To add to the realism, TEW2013 marks the first time that owners and head bookers can prioritise their own promotion over others.
Simply put, if a worker is an owner or head booker of a promotion that has a show on a specific night, they get to ignore the usual rule whereby they'd work for the biggest promotion that they're under contract with who have a show.
This also has a knock-on effect that owners and head bookers will now be more likely to accept work elsewhere (on non-exclusive deals, obviously) as they know it won't impact their promotion as much as it would have in previous games.
The first of the changes to the contract system that we'll cover in this journal involves the method of offering deals.
In previous games you would request negotiations, wait some time for a yes or no, and then begin putting together offers if they were interested.
In a more realistic and time-saving method, with TEW2013 you will instead first make an initial approach that will get an instant response - rejections at this point are limited to reasons that you would not be able to negotiate your way around anyway, such as them being contractually unable to talk to you, being unavailable, etc. If they have no objections, you will then immediately be able to put together a full contract offer and send it to them.
There are several advantages to this, the main ones being:
1 - Time wasting is cut to a minimum; if a worker is never going to join you anyway, you find out immediately, not after waiting several days for a response.
2 - Because the worker gets a proper contract offer - with specific terms and values - to think about, you have the opportunity to entice them with big offers. This is superior to the previous method where they could reject you outright before even hearing your offer because they were basing their response on your promotion's size, etc, not on what you were offering.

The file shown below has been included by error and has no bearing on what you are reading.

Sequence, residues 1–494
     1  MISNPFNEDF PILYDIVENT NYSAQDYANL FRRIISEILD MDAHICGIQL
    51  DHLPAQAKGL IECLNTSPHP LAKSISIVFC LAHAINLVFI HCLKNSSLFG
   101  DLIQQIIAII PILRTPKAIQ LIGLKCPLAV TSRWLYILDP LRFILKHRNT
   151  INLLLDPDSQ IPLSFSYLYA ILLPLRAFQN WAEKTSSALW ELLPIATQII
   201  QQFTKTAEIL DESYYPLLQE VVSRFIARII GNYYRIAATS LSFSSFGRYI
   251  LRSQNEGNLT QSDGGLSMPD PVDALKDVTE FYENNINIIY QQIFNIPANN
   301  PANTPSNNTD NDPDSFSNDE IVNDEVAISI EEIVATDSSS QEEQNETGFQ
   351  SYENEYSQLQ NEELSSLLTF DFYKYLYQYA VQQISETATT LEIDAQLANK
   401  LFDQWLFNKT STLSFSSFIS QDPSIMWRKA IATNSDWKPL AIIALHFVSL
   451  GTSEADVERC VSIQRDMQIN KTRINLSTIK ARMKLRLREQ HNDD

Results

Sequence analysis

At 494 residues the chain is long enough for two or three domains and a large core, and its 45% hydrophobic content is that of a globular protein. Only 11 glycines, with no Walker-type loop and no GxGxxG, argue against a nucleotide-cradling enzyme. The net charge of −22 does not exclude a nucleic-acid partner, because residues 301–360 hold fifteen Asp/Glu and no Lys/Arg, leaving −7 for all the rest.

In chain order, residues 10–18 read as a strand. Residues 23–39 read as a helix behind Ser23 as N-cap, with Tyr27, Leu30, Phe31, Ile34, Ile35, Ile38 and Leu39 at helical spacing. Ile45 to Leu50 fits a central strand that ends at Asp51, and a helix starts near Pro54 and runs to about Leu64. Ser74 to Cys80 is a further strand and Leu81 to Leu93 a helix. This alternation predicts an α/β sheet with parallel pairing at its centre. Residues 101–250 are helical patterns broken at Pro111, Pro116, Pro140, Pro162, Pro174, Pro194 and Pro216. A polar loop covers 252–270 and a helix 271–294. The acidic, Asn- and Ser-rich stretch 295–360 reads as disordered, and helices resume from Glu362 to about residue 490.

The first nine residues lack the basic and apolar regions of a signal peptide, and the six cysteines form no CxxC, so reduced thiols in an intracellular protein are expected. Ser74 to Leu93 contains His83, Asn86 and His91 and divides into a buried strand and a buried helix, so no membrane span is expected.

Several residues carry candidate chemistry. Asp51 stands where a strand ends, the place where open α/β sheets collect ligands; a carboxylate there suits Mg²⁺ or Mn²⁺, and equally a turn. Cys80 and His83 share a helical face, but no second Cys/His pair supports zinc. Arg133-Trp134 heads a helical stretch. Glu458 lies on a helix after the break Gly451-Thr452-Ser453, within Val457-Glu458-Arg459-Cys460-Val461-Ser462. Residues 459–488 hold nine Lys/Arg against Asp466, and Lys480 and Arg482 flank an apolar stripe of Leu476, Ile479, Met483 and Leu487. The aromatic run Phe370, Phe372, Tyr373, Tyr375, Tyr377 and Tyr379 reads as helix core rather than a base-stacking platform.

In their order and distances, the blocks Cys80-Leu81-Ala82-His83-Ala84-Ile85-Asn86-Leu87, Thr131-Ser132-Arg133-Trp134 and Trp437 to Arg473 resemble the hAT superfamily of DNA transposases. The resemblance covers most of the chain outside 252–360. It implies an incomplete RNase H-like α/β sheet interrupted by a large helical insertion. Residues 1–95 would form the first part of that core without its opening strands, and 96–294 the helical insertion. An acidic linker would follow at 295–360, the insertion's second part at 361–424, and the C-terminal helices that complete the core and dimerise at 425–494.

3 - The user has less to remember; because you get instant reactions, you can get everything done right there and then. You don't have to remember who you've made offers to and how good they were or what sort of offer you were planning to make.
Another change to the way contracts work involves bidding wars.
Once you've made a contract offer you are officially "in negotiations" with that worker, and this means that you will be alerted when any other company offers, alters or withdraws a contract to that person. At any time you can view all the current contract offers (including the full terms that the AI is offering) and, crucially, the worker's current position - this will tell you which offers he is seriously considering, which he's leaning toward, how long he expects to wait before making his decision, etc. You can alter your existing offer whenever you like in order to improve it.
How long the worker's decision takes will depend on many factors, including his status within the game world (i.e. an unknown, unemployed wrestler is not going to take multiple weeks to mull over a contract offer) and how many other offers there are - a full-blown bidding war will usually cause the worker to sit back and take longer over his decision, allowing the promotions to improve their offers as they offer and counteroffer.
Once a worker has considered all of his offers he will make a decision on which contract offer he prefers. That promotion will then be able to choose to either complete the contract signing or withdraw. If they withdraw, the worker then reconsiders the offers that are left, and so on.